Hence a certain popularity that Lukashenka and his pro-Russian policies enjoy. His dictatorship might well have a lot of mileage in it yet, given that Belarus is such a backwater.

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Russia, Belarus integrate air-defence production

On 24th April, Russian President Vladimir Putin signed an edict "On the Almaz-Antey air-defence concern." The document provides for the integration of 40 enterprises engaged in the development and manufacturing of air-defence and anti-missile systems for all armed services. The integration will be based on the industrial company Antey, Belapan News Agency has reported.
A number of Belarusian companies currently affiliated with the international [Belarusian-Russian] financial and production group, Defence Systems, could become de-facto participants in the new corporation, which is being set up in Russia.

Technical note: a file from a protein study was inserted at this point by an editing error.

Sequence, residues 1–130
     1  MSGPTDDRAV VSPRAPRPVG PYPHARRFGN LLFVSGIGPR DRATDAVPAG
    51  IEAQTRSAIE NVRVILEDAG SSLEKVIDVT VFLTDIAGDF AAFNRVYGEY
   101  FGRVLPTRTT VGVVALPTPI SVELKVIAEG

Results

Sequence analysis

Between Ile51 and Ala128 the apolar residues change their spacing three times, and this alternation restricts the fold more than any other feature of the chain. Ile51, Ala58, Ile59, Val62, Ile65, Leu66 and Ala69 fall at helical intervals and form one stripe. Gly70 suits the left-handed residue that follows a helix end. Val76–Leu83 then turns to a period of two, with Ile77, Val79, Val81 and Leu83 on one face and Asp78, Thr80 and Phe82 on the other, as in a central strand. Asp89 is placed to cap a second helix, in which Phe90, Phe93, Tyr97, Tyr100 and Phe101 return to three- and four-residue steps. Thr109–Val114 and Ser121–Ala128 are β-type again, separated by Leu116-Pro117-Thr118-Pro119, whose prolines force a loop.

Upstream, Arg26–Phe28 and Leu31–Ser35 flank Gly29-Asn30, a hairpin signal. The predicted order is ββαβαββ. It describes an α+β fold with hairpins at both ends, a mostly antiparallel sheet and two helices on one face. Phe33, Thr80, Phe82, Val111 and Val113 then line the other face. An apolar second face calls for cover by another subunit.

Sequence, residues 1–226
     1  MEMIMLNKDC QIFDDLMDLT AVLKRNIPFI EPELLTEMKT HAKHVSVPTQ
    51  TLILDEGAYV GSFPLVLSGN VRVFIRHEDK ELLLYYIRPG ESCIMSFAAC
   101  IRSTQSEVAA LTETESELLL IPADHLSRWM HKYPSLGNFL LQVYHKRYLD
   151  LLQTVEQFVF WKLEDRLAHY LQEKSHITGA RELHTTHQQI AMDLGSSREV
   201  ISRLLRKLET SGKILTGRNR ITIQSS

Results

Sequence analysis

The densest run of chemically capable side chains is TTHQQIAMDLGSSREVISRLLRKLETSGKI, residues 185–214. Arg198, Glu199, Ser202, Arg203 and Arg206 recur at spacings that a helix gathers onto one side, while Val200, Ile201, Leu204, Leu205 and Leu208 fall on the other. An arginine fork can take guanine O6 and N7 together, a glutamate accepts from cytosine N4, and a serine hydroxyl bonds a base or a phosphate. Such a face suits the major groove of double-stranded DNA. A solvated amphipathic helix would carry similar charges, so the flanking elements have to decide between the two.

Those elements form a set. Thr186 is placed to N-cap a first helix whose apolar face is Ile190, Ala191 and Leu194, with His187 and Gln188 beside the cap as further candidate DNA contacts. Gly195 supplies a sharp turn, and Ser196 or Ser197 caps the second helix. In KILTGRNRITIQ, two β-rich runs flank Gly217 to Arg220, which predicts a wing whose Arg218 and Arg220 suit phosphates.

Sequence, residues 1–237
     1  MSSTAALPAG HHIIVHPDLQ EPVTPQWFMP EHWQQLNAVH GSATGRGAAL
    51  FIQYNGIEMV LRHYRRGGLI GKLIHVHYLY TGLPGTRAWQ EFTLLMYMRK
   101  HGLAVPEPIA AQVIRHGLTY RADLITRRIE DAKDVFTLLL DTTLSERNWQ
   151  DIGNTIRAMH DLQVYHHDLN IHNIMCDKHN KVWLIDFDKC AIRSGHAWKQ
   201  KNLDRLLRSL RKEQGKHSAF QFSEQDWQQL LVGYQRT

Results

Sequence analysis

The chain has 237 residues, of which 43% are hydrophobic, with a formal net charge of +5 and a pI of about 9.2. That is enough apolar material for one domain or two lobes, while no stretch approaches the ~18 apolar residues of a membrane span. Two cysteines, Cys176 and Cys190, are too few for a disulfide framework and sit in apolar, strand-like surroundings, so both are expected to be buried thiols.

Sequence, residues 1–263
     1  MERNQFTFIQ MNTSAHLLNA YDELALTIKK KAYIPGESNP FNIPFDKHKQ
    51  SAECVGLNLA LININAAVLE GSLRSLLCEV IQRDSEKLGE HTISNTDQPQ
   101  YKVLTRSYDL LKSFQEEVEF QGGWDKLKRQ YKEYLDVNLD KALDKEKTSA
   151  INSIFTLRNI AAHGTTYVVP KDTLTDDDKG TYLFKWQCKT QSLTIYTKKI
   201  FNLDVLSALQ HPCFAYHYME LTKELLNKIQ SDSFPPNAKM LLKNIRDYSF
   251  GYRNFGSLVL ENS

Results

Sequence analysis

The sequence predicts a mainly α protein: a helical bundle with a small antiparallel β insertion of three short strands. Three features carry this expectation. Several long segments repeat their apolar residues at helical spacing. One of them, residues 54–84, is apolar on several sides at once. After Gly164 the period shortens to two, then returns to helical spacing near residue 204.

Under the edict, all major Russian factories under Defence Systems are being handed over to the new concern.
In an interview with Belapan, an aide to the president of Defence Systems, Ihar Myashchan, described the establishment process as "normal" and said that the creation of the new concern was a "long-awaited event."
Russian military experts predict that the new concern will substantially expand the list of air-defence hardware manufactured in Russia with Belarus's participation and may increase exports of this equipment. (Over the last seven years, US$2.5bn worth of such equipment has been sold on the world market).

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Estonian-Belarusian trade treaty comes into force

The Belarusian consulate general in Tallinn told the Estonian Foreign Ministry that Belarus had completed all procedures necessary for the Estonian-Belarusian trade and economic relations agreement to come into force. The agreement came into force on 30th April, ETA News agency has reported 
Estonia and Belarus signed an agreement on economic and trade cooperation, which includes applying the most favoured nations status to Estonian goods in the Belarusian market, on 31st July last year. According to the Statistical Department, trade between Estonia and Belarus amounted to 917m kroons last year, of which exports comprised 93m and imports 824m kroons.

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China provides Belarusian Defence Ministry with humanitarian aid